New Member
Son has diagnosis of anxiety/Depression and adhd. We are having good results for now on cymbalta and intuniv. However, there are 2 key things that are allowing these medications to work. One, he is compliant for the first time in his life about taking the medications and the need to be on them. Two:he is not self medicating with marijuana. I firmly believe the medications are just one piece of things that help him.

I want to thank everyone for their input. On which medications work. We are still struggling and are trying to find the right doctors. I am grateful to have a place I can go and know we are not alone.
If the ADD was the initial diagnosis, probably start there.

Adderal XR worked great for my oldest.

As far as anxiety, it may be induced by stress over the ADD. Having to deal with an untreated ADD brain is hell. Same with the mood disorder, emotional dysregulation is one most common traits for untreated adders. Meaning if it is just ADD, these should subside with appropriate treatment. Note - While this is often seen in ADDers, I’m not suggesting you ignore any medical advice. It may just be something to inquire about.

Medication won’t fix it alone. Having a very clear understanding of add will help more than anything. Beyond that, coaching and support.

Also, adders, hear and perceive differently. I had to relearn how to talk to and support my daughter.

Everyone is different, I’m not a medical professional, these are just my experiences. And as an ADHDer myself who went through the trauma of feeling like a failure growing up, a bunch of incorrect diagnoses and self-medicating....I wouldn’t wish it on anyone.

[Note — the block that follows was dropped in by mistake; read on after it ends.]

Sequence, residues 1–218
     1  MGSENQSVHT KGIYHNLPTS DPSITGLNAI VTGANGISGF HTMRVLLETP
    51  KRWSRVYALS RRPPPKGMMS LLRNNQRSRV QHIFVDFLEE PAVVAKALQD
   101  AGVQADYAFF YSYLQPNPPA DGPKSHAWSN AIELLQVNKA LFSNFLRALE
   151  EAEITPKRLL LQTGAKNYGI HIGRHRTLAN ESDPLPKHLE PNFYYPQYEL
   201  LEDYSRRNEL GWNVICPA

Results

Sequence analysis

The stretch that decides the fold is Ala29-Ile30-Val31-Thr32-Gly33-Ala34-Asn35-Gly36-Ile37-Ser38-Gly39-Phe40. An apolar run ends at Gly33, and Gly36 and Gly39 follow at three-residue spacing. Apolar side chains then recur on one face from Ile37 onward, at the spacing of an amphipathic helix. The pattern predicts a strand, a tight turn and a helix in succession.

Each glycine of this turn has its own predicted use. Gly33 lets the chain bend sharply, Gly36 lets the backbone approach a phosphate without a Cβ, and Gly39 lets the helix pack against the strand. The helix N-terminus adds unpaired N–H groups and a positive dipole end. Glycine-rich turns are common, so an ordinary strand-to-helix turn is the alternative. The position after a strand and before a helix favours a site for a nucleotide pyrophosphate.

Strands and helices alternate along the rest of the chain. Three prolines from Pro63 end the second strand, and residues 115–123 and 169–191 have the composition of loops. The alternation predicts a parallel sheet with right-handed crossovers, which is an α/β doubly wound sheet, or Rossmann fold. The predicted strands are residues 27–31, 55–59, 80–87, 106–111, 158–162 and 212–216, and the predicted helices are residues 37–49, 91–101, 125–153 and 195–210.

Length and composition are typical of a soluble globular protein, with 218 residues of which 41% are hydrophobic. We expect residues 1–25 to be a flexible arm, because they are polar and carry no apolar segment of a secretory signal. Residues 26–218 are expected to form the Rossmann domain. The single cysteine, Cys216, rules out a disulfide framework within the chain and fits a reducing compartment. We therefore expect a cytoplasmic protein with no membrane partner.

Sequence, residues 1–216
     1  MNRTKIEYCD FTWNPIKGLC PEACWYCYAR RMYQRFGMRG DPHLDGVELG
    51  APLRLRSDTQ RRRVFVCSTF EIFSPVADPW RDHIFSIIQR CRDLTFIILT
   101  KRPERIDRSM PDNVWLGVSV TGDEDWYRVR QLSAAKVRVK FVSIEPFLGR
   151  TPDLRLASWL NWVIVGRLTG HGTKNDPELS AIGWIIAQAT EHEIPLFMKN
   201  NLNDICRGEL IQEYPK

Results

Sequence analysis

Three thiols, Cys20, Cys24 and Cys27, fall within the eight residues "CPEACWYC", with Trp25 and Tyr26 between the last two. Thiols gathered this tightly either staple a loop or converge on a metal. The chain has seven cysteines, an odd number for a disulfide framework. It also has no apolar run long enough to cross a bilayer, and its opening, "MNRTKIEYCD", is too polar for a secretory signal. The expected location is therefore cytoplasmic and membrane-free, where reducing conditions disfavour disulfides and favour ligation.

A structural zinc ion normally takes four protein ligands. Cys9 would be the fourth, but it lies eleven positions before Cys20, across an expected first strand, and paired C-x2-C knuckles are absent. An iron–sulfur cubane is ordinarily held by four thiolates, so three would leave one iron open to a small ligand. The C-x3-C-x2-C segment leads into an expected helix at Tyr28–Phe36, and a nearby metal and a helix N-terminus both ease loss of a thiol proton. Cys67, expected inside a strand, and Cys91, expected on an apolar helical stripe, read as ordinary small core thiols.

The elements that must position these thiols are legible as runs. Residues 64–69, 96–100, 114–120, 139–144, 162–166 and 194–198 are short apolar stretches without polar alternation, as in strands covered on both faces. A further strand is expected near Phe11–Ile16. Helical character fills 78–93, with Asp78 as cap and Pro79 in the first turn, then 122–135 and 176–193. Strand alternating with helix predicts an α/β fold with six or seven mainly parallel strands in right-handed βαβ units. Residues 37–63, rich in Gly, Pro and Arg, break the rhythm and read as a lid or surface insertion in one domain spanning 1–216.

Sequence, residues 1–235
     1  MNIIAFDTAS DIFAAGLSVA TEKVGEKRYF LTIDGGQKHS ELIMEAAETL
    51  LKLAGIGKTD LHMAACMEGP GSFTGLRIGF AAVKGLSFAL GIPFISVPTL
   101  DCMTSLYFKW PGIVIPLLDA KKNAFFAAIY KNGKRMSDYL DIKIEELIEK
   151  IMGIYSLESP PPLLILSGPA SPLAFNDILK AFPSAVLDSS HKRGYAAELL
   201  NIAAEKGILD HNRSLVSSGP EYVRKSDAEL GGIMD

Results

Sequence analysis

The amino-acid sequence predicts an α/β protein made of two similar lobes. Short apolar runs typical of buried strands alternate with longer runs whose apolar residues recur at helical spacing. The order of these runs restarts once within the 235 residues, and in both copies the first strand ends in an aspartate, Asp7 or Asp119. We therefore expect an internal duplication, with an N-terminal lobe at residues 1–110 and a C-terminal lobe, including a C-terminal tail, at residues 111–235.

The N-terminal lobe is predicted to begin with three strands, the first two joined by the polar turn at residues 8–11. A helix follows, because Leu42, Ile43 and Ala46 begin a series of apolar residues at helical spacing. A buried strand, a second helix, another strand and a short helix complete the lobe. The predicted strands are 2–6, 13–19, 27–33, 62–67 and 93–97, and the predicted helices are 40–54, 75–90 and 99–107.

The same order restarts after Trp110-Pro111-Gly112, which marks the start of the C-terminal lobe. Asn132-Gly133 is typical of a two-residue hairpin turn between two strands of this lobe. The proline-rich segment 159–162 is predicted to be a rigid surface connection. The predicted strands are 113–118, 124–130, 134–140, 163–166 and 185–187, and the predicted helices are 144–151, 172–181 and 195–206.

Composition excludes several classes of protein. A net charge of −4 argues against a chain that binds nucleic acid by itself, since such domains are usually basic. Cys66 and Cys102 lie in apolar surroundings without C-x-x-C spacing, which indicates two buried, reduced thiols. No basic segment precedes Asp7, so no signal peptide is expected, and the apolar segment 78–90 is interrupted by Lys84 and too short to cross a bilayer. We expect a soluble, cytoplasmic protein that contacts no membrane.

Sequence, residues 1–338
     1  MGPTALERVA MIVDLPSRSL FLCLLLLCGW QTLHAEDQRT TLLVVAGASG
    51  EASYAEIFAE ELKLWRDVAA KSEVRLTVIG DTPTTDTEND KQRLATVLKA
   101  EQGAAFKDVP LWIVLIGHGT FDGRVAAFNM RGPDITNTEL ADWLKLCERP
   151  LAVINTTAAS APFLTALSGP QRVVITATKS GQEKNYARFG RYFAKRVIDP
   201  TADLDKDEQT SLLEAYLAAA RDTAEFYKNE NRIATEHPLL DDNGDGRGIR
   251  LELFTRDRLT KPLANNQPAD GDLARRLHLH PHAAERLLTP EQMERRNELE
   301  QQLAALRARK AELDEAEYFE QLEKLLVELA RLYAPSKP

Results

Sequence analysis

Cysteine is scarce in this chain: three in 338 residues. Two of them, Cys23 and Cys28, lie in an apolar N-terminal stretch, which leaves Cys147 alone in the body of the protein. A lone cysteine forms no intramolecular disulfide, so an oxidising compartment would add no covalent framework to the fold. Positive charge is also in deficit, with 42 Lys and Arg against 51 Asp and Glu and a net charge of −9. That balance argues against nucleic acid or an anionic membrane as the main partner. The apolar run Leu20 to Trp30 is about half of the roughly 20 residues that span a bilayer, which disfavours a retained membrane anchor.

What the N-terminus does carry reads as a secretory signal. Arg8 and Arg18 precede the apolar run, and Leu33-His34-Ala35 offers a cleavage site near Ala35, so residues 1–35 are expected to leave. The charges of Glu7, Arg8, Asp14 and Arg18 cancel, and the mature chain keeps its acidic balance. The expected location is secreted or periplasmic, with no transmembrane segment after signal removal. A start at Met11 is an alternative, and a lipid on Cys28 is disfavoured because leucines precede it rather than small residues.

Well-Known Member
Both my daughter and Hubby (her stepdad) have ADD, Hubby was finally diagnosed at 40, after we got married. Miss KT started on Ritalin, but when that started wearing off after about an hour, the doctor switched her to Strattera. It was all right for her, not great, and when she got to high school she went on Concerta. She remained on Concerta through high school and college, and then decided to go off her medications.

Hubby started with Strattera, and we lived through a month from hell. He was a mood swinging mess. He's been on Ritalin ever since.


Crazy Cat Lady
I was diagnosed with ADD/Depression back in late 2002 and put on Strattera and Effexor. I promptly went raging manic.

When I suggested to my then psychiatrist, that given my family history, it might be possible that my issue was bipolar disorder, she fired me.

I went without care until I moved to N. WI, where the bipolar diagnosis was confirmed, and I began the medication merry go round.

The ADD diagnosis was confirmed a year later. No medications.

Finally several months ago, my current doctor judged me stable enough to put me on a very low dose of Ritalin, which I do not take as often as I should, because it gives me headaches and tends to make me woozy.

Ritalin also lasts around 5-6 hours for me. I think I'm low on some enzyme needed to metabolize it. Sort of like the same issue I have with opiates: tiny amounts affect me, and they wear off slowly (and make me sick).